Please use this identifier to cite or link to this item: http://elea.unisa.it:8080/xmlui/handle/10556/2693
Title: Robustness and seismic behaviour of structures equipped with traditional and innovative beam-to-column connections
Authors: Francavilla, Antonella Bianca
Faella, Ciro
Nguyen, Frederic
Rizzano, Gianvittorio
Jaspart, Jean-Pierre
Keywords: Steel structures
Innovative connections
Robustness
Issue Date: 29-May-2017
Publisher: Universita degli studi di Salerno
Abstract: Moment Resisting Frames are structures that withstand seismic actions by the bending of girders, columns and connections. Their main source of stiffness and lateral strength is given by the flexural resistance of members and connections, and the seismic energy dissipation capacity and ductility, is provided by the formation of a high number of dissipative zones which can be located in beams, columns or joints depending on the applied design philosophy. Classically, framed structures are designed to possess strong columns, weak beams and full strength rigid connections, so that the earthquake input energy is dissipated through the plastic engagement of the end of beams and of the end of columns of the first storey. The aim of the PhD thesis is to investigate the possibility of using innovative beam-to-column joints characterised by an appropriate stiffness under service loads but which are able to provide a high energy dissipation under seismic event and to confer a suitable robustness in case of a column loss due to exceptional events. According to the traditional strategy for the seismic design of building structures, in case of frequent and occasional seismic events whose return period is comparable with the life cycIe of structures, the earthquake input energy has to be completely dissipated by means of viscous damping. Therefore, the hysteretic energy is equal to zero because, for such seismic events, the structure has to be designed to remain in elastic range. Conversely, in case of rare and very rare seismic events whose return period is about 500 years and even more, most of the earthquake input energy is dissipated by hysteresis, but leading to severe plastic excursions and related structural damage. Such structural damage has to be compatible with the ductility and the energy dissipation capacity of structures, because, even though structural damage is accepted, collapse prevention has to be assured and the safeguard of human lives has to be guaranteed. To this scope a reliable prediction of nonlinear structural behaviour during severe seismic events is required, which represents an extremely difficult task. Although many nonlinear analysis programs exist, the accuracy of their resuIts depends on the assumptions made in the characterization of member stiffness. Therefore, experimental research remains the most reliable means of assessing seismic performance and is crucial to the development of new analytical models and design methods. Quasi-static testing can provide information on the nonlinear behaviour of members or subassemblies, but it is often difficult to relate the imposed force or displacement histories to those that might occur during an earthquake. These static methods are therefore, primarily used to calibrate analytical models or to compare the relative performance of a variety of similar structural details. Starting from the above considerations, in this work, the possibility of using steel frames with innovative bolted connections has been analysed with the aim of providing the structure of supplemental damping devices by means of properly detailed beam-to-column joints. In particular, in order to overcome the drawbacks of the traditional and passive control design strategies, the aim of the work is the development of a new design strategy whose goal is the design of connections able to withstand frequent and occasionaI seismic events but also destructive earthquakes such as those corresponding to rare and very rare events without any damage. In addition, with reference to structural robustness, has been underlined that, because of the specific behaviour of beam-tocolumn connections equipped with friction pads, significant benefits are in the catenary action resuIting, as example, in case of a column loss due to blast loading or impact loading. The development of this design strategy is also the subject of the FREEDAM project, which is an RFCS project, granted by the European Community. [edited by author]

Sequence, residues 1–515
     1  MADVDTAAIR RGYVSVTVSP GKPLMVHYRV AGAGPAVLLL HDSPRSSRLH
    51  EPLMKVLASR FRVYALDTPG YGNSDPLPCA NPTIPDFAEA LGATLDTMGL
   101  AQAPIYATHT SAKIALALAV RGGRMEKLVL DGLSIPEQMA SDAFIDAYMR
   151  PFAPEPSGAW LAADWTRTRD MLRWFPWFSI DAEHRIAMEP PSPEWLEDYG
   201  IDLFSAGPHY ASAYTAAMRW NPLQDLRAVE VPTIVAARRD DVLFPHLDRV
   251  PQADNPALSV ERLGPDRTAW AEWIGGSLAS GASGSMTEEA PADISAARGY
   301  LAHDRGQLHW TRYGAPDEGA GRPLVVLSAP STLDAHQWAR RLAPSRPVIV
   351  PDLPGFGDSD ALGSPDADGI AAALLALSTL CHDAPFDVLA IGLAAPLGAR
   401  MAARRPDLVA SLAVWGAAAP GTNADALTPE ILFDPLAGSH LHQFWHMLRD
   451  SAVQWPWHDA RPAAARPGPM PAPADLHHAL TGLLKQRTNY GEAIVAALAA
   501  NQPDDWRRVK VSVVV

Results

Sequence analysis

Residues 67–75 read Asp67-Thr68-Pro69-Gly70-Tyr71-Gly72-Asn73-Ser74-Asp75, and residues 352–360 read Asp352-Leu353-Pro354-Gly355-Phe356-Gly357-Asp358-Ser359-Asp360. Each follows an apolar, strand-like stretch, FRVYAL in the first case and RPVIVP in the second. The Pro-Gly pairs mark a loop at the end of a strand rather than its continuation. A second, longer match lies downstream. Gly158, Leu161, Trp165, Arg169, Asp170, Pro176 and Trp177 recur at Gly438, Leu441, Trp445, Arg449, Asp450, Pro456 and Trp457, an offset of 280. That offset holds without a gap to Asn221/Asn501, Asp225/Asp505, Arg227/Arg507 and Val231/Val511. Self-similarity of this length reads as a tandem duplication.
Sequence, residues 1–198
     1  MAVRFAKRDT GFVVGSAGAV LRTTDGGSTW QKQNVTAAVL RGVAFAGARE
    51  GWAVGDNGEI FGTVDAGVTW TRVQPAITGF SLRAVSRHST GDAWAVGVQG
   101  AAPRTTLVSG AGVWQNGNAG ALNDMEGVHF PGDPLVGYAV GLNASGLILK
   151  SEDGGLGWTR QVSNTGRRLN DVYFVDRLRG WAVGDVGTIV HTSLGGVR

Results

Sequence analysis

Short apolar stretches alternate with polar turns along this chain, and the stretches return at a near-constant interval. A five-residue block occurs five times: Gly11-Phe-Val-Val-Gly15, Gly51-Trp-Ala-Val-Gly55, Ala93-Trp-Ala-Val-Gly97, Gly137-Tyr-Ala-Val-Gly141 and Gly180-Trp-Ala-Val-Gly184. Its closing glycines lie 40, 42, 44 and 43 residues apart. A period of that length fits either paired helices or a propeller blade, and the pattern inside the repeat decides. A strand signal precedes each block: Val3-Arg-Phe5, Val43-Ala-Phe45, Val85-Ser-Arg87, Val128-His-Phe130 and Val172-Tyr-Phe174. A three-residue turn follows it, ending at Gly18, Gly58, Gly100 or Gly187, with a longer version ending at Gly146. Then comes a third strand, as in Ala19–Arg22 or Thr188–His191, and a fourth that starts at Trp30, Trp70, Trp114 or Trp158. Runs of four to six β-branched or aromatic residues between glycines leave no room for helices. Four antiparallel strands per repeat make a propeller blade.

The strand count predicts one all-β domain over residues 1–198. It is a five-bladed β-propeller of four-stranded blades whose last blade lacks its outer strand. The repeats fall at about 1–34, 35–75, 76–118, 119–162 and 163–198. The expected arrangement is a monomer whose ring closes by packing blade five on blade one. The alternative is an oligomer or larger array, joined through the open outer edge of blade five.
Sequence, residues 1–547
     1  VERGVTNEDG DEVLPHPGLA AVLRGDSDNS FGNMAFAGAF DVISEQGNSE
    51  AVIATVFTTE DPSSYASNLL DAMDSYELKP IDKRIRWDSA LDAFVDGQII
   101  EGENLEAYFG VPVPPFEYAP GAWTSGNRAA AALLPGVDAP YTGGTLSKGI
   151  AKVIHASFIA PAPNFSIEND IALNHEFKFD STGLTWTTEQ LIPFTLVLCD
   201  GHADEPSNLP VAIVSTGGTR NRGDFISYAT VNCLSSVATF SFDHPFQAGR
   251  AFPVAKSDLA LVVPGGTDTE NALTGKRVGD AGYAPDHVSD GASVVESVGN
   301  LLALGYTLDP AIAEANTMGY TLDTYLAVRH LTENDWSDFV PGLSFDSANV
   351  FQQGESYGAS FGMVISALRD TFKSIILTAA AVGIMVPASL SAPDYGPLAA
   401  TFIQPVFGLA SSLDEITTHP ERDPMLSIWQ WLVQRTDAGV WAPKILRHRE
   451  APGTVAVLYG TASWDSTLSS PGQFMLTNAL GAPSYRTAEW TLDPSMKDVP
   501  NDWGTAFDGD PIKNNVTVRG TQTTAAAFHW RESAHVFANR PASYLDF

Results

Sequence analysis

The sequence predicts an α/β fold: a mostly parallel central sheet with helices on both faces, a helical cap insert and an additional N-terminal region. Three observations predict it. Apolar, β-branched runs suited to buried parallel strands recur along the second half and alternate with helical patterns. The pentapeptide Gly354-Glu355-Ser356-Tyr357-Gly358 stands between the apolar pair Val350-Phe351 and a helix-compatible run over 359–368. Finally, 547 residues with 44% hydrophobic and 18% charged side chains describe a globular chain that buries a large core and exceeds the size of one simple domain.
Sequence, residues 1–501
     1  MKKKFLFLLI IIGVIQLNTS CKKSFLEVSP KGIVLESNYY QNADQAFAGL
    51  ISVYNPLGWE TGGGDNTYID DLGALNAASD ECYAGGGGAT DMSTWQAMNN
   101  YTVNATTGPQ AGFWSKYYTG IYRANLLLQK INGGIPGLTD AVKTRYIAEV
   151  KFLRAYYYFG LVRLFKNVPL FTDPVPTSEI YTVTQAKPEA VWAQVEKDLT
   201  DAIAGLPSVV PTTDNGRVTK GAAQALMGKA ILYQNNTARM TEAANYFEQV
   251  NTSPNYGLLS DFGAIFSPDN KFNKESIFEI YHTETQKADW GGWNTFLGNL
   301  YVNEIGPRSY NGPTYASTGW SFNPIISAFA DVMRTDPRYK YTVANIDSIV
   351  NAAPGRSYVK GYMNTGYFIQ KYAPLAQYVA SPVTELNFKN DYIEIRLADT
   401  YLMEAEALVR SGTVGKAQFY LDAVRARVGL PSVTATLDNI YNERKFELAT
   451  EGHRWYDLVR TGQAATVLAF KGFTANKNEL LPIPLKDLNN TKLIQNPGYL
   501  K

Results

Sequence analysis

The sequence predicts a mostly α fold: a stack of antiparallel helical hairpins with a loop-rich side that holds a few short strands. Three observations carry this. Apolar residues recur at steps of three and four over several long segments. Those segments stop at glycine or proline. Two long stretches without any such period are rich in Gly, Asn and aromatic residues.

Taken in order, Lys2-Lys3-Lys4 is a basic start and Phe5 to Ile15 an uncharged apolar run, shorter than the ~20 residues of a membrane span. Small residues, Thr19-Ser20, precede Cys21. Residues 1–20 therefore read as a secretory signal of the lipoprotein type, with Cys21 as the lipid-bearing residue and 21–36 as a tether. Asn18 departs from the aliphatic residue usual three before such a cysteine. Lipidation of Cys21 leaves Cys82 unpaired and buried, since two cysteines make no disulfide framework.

Description: 2015 - 2016
URI: http://hdl.handle.net/10556/2693
http://dx.doi.org/10.14273/unisa-1042
Appears in Collections:Ingegneria civile per l'ambiente e il territorio

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Abstract in italiano A. B. Francavilla.pdfabstract in italiano a cura dell'autore239.29 kBAdobe PDFView/Open


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